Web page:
The papacy is a “gift” of the Catholic church to other Christians, a leading Catholic ecumenist said this morning, but it needs “repair” before those other Christians are likely to accept it.
Specifically, Margaret O’Gara of the University of St. Michael’s College in Toronto called for a papacy that’s “less centralized, less authoritarian, and more respectful of the diversity of local churches.”
O’Gara, the outgoing president of the Catholic Theological Society of America, delivered the concluding Presidential Address at the CTSA annual convention this morning in Miami. O’Gara is a longtime veteran of ecumenical conversations with a variety of Christian denominations.
O’Gara said she has been struck by the readiness of other Christian churches to embrace the papacy, citing a statement from the Anglican/Roman Catholic dialogue that the papacy is “part of God’s design for the church” and from the Lutheran/Catholic dialogue in the United States that the pope can function as a spokesperson for the gospel at the world level.
Pope John Paul II, O’Gara said, was an “engaging figure” for many Protestants, Orthodox and Anglicans, who admired his strong stands on issues such as abortion and war, his commitment to evangelization, and his capacity to project a Christian voice in global debates. At the same time, she said, John Paul’s pontificate left behind “a mixed heritage” ecumenically.
O’Gara cited eight motives for that ambivalence:
1.tThe Synod of Bishops remained merely advisory to the pope;
2.tThe authority of episcopal conferences was restricted;
3.tA Vatican document on “Some Aspects of the Church Understood as Communion” asserted that the Petrine ministry is “interior to every fully local church”;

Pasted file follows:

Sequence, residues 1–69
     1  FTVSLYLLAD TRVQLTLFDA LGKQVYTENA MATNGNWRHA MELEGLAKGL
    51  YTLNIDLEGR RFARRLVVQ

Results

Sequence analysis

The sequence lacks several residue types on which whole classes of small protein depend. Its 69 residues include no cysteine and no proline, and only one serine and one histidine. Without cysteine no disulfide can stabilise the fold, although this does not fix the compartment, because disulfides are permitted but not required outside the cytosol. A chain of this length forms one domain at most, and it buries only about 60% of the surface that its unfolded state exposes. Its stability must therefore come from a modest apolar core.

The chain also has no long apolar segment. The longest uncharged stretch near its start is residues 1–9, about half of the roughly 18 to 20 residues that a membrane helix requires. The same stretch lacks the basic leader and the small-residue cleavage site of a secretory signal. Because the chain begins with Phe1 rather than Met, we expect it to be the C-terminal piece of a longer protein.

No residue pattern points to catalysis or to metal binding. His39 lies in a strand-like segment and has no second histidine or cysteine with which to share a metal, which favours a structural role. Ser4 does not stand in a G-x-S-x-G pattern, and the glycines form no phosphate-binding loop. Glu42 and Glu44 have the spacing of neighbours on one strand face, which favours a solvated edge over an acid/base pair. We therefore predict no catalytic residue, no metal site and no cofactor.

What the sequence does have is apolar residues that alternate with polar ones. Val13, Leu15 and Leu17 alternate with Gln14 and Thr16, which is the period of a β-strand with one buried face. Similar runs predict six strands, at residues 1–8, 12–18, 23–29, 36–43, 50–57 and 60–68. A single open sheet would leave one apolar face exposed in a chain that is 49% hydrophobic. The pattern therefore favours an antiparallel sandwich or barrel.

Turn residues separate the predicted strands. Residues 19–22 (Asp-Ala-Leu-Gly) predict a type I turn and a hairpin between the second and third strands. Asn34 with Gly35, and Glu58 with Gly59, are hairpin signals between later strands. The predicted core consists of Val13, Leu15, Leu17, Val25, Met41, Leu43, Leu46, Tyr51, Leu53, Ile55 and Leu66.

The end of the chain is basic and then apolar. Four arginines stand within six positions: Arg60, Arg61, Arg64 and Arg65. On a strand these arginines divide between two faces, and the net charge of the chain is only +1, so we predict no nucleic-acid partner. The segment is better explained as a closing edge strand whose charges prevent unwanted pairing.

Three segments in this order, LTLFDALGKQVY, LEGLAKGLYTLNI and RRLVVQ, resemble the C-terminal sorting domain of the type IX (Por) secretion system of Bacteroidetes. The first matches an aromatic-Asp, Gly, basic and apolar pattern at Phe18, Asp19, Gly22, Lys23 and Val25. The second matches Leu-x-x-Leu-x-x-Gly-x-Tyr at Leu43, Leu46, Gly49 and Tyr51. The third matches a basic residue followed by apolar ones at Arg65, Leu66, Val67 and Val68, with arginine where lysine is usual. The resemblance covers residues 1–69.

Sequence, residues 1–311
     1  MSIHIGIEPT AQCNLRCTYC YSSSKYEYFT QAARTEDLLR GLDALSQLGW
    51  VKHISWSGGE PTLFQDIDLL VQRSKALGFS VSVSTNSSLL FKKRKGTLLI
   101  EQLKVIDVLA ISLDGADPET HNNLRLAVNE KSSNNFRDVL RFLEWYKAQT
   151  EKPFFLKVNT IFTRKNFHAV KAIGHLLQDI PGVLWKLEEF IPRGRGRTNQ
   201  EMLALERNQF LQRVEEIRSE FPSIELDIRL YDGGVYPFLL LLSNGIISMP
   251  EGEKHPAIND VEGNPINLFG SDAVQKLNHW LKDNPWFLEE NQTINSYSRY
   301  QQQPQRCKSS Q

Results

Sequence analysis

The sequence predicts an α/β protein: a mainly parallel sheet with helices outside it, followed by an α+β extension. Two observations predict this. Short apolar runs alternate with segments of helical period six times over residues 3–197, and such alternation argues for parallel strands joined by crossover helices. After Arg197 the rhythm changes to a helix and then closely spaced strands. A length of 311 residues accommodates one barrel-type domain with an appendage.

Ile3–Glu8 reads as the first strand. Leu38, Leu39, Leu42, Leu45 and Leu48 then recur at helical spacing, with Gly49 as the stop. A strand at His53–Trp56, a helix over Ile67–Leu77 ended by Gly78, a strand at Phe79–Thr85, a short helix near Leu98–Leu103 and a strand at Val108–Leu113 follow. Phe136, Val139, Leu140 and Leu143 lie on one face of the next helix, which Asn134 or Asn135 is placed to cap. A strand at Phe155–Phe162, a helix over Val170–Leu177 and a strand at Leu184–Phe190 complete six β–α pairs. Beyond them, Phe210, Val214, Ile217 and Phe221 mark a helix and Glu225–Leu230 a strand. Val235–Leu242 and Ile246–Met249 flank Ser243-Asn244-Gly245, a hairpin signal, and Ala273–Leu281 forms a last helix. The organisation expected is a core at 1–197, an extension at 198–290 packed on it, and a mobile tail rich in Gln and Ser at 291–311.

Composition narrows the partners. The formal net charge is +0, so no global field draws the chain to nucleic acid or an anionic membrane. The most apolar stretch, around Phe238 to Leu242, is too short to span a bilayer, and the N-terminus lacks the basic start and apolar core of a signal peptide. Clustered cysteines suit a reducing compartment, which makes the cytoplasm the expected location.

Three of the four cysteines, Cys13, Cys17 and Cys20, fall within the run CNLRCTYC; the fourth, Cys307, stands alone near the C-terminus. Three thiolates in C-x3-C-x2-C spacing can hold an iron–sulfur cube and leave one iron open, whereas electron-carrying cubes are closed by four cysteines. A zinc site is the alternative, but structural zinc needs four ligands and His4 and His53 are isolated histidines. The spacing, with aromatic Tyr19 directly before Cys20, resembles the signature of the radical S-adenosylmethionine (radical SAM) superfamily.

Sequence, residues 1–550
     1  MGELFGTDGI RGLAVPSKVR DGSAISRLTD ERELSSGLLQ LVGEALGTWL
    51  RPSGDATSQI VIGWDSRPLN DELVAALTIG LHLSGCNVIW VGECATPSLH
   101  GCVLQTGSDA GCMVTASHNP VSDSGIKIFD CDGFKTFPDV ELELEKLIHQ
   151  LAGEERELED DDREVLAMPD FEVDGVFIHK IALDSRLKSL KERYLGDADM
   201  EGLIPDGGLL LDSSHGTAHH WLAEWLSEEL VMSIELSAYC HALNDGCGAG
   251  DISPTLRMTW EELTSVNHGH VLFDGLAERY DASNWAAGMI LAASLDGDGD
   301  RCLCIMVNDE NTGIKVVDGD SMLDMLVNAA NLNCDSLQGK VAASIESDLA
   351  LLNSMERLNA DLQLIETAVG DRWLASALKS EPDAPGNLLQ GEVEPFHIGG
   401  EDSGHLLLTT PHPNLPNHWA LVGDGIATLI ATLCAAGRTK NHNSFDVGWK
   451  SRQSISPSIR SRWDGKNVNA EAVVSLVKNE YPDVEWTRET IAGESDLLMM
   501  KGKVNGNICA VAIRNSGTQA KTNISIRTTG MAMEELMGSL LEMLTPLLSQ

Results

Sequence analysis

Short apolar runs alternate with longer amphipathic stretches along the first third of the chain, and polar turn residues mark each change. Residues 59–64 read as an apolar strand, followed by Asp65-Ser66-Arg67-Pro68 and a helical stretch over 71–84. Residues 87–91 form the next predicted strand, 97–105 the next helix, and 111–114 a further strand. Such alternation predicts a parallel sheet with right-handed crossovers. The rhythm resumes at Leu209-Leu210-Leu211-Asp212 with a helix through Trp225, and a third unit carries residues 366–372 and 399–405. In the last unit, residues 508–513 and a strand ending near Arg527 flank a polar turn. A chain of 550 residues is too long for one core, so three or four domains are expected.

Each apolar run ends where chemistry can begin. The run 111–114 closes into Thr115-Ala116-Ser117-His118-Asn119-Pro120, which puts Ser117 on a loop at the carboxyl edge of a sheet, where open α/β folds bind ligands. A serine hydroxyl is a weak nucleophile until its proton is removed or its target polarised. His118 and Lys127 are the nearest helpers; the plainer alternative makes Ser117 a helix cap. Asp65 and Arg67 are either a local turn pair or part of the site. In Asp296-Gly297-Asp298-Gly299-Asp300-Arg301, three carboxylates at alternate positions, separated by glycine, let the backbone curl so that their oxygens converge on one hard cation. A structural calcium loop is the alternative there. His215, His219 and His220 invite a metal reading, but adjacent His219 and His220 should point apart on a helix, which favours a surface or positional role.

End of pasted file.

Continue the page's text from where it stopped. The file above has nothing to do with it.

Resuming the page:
4.tThe Vatican document Dominus Iesus said that some Protestant and Anglican bodies aren’t really “churches”;
5.tCardinals Joseph Ratzinger and Walter Kasper carried out a debate over whether the local or universal church has priority;
6.tThe term from Vatican II that the church “subsists” in Catholicism was understood to mean that it exists fully only in Catholicism;
7.tThe ban on women’s ordination was declared definitive;
8.tThe volume of papal teaching raised questions about its authority, and what role it would play in sister churches if present divisions could be overcome.
In light of all this, O’Gara argued, the papacy must be reformed “in a more pastoral way, in a less centralized way, in a way that defends the diversity of the local churches” before it can serve the cause of Christian unity.
Concretely, O’Gara made two suggestions.
First, she suggested remedying what she called a confusion between papal infallibility and papal primacy, with the latter referring to the pope’s regular business of governance. Quoting the theologian Klaus Schatz, she said that primacy is too often treated as a sort of “ersatz infallibility,” so that even routine administration seems like an exercise of infallibility.
Second, she proposed reconsidering what she called the “classicist” language used buy the First Vatican Council in the 19th century to formulate the dogma of infallibility. Rephrasing the teaching in a more historically-minded fashion, she said, could make it less threatening to other Christians.
“Rather than appearing as an unchanging grasp of the truth, infallibility could be reinterpreted as the process through which, over time, the church discerns core teachings of the gospel for its age and culture,” she said.
Doing this, O’Gara said, will require some generosity on the Catholic side.